Shuttle SB77G5
Posted on: 01/15/2005 06:00 AM

One of the nice features of Gallery is the ability to record the amount of views images get. It's easy to tell that our faithful SMPers love pictures of hardware, so let's dig right into the design and layout of the Shuttle SB77G5.

Taking a quick spin around the SB77G5, you get a sense for the sleek, clean look of Shuttle's G5-series chassis. I really like it; it almost has a "space-age" sort of look to it. The 5.25" external drive bay at the top of the unit and the floppy drive bay are covered to remove the need for color matching your drives. If you already own a beige or white DVD+RW or floppy drive, there aren't any concerns here. Just slap them in and the tray (or face of the floppy drive) will only be visible when you open it for ten seconds to insert a disk. Big deal.

Sliding the unit around to get a look at the side, you notice the Shuttle lettering on the unit. I think this is a nice touch and from a brand recognition standpoint (marketing again...), is a smart move. The only other thing of note on the side of the unit is the small grill near the bottom. This will allow for a little passive ventilation. Every little bit helps.

Moving around to the back of the unit, the first thing to discuss is the ATX backplate. You'll see two serial ports, a firewire port, an SPDIF input, 2x USB 2.0 ports, Broadcom Ethernet jack, and an array of audio inputs and outputs. The only question that I continue to have lies with the inclusion of two serial ports. Does anyone actually use these anymore? If I had my way they'd be replaced with additional USB ports or possibly an old-fashioned parallel port.

On the front of the unit near the bottom, hidden away behind another sleek black panel lies additional ports. You'll find an audio input and output, 2 more USB 2.0 ports and a Firewire Mini port. All-in-all, the SB77G5 has enough ports to satisfy the majority of enthusiasts. The mechanism for dropping the black panel is pretty simple. To the right there are three little dots which mark the spring-loaded clip. Simply push in and it falls. It's sleek, simple and relatively sturdy. The latter is important to me because a few months ago, I inadvertently broke one of the front panels off another SFF in my possession. It was really aggravating to me because I really didn't put a lot of force into the action. It was just plain flimsy. I won't spill the beans on who made it, but it wasn't Shuttle. ;-)

Now let's turn our attention to the insides of this sexy, black unit.

Anyone who's owned a semi-recent Shuttle XPC will be quite familiar with the layout of the FlexATX boards installed in them. The CPU socket is placed in the middle towards the rear. The DIMM slots and primary and secondary IDE connectors are towards the front. The PSU is to the rear on the right and the expansion slots, in this case one PCI and one AGP 8x slot, are to the rear on the left. The ATX power connector is tucked away to the front left and is generally out of the way.

One area where Shuttle and other manufacturers have improved over time with SFF design is cable routing. When dealing with such a confined space, it's imperative to keep the cables out of the way. If you don't, you can really blow (pun) up whatever air flow considerations were put into the chassis to begin with. A twisted IDE cable stuffed into a tight area in an XPC could potentially block off an entrance for fresh, cool air or an exhaust for hot air. In either scenario, overall ambiant system temperature could be compromised which could lead to system instability or hardware failure. No geek wants to experience either of these things. In the SB77G5, the cables are routed logically. The IDE cable going to the optical drive is rounded and routed along the upper edge of the chassis. It doesn't really have any opportunities along the way to restrict air-flow. The IDE cable going to the hard drive is routed directly from the primary IDE connector back under the removable hard drive bay (held in place by a plastic clip) straight to the drive. Last but not least, the floppy connector on the motherboard is actually beneath the power supply on the back right of the unit. As such, the floppy cable can be routed straight up along the backside of the power supply and from there routed directly to the floppy drive. If I had to give Shuttle a grade for their cable routing, I'd probably give them a 90%. They do an excellent job of it, but there are still ways to improve. Namely by changing the orientation of the 3.5" hard drive bay so the connector is closer to the connector on the motherboard thus requiring a shorter cable run.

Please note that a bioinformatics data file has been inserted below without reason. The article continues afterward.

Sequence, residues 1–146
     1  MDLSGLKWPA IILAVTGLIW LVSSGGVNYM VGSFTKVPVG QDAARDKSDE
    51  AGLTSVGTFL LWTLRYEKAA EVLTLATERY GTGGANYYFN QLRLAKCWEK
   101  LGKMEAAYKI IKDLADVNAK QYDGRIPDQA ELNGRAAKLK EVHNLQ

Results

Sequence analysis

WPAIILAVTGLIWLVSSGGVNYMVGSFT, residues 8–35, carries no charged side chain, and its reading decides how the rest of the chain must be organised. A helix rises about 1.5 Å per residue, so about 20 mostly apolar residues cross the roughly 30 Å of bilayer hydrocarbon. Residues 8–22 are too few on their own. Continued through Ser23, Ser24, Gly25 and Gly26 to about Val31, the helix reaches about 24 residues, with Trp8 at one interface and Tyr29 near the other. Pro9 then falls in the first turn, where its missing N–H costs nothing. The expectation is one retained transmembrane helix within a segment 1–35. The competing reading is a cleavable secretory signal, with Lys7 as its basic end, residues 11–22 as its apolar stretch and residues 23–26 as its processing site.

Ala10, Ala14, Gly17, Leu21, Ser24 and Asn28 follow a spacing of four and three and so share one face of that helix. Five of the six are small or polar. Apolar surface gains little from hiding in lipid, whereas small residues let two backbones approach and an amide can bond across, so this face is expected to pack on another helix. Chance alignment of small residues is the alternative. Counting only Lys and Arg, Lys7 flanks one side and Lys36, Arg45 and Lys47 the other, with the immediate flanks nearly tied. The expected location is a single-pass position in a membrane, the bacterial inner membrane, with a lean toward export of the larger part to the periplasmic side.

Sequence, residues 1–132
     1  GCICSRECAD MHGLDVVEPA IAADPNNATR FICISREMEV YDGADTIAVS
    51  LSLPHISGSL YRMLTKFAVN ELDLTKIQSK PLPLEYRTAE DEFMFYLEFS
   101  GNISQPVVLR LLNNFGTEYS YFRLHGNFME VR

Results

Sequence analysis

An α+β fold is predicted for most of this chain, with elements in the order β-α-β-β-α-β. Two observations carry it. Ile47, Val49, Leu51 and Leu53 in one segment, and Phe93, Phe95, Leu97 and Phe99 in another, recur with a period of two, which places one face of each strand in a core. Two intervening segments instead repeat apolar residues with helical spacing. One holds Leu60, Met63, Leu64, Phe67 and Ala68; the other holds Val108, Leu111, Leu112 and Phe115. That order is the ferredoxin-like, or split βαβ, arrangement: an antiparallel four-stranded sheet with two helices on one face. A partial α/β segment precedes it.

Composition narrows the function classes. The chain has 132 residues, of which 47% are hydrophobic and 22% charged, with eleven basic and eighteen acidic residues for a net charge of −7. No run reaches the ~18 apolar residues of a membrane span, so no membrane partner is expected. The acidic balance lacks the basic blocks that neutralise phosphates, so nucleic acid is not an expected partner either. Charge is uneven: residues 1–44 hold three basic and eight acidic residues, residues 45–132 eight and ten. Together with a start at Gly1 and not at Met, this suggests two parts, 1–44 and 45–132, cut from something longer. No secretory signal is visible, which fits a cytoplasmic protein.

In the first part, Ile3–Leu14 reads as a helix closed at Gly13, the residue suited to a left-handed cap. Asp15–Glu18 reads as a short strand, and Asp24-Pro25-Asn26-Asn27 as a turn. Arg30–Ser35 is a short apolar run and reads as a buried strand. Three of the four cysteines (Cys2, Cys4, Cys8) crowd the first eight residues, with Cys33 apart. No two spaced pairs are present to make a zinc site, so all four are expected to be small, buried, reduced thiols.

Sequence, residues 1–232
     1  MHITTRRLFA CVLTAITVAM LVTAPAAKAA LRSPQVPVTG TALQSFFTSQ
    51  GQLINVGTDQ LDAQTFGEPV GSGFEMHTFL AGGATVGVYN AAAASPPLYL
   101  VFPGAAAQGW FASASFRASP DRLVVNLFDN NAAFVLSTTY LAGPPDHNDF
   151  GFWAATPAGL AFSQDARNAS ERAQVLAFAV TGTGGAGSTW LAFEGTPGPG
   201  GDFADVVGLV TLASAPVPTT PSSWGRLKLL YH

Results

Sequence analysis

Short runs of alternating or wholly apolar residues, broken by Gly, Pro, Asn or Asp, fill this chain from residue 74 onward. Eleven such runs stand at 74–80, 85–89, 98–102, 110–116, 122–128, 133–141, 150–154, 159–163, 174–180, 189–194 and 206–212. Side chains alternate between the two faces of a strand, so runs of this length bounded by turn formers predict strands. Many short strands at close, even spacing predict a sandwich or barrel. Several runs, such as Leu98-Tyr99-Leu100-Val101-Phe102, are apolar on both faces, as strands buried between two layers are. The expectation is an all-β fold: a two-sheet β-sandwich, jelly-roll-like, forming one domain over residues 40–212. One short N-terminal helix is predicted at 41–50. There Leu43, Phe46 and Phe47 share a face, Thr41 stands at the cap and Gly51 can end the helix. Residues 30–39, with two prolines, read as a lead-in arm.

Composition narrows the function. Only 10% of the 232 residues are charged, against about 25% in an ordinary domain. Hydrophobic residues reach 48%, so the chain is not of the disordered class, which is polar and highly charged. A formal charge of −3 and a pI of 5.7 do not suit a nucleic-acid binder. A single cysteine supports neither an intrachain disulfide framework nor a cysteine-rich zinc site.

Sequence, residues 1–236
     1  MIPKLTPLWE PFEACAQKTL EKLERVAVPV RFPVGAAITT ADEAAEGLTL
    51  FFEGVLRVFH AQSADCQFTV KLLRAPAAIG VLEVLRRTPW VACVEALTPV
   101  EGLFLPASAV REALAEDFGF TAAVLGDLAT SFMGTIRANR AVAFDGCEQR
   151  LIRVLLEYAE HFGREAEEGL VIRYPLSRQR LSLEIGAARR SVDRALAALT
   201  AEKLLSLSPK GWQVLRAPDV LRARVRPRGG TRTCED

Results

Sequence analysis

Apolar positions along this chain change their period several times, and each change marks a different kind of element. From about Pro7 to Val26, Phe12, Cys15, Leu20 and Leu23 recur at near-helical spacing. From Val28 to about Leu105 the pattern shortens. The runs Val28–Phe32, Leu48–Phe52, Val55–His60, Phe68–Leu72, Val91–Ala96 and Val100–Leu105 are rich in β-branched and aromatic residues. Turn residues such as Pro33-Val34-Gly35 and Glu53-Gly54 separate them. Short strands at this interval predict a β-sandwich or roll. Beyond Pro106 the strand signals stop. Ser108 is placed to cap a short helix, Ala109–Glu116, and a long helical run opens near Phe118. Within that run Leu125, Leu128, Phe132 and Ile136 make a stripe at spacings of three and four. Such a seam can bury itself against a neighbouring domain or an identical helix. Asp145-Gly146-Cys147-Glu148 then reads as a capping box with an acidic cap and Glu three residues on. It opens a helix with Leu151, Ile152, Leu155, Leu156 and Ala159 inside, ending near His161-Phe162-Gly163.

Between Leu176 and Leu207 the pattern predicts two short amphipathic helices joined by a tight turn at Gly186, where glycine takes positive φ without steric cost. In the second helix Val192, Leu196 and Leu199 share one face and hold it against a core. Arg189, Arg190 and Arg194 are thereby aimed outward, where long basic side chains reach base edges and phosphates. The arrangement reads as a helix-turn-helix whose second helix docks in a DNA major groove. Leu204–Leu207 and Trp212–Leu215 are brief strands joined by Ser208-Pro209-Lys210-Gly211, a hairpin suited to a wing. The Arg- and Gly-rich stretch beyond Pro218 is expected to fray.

Integrated Cooling Engine (ICE)

I haven't talked about "ICE" in awhile, so I thought I'd take a quick look at the latest version of the heatpipe that really makes it work. There really haven't been a lot of changes. The bottom of the heatpipe, that contacts the heatspreader on your CPU, has a polished copper finish. It's ideal for the transfer of heat away from your processor.

One slight change is with the screws that tighten the heatpipe to the socket. They're spring-loaded screws that work really well. You just apply a little down pressure until the tip of the screw is lined up with the hole in the board. A few turns later and you've got a heatpipe that isn't going anywhere.

The heat is then transferred up the heatpipe to the grill at the rear of the case. The grill is then cooling by the temperature-controlled 80mm fan at the rear of the chassis.

What's next? The BIOS of course! Let's see if the SB77G5's BIOS was put together with the overclockers in mind.

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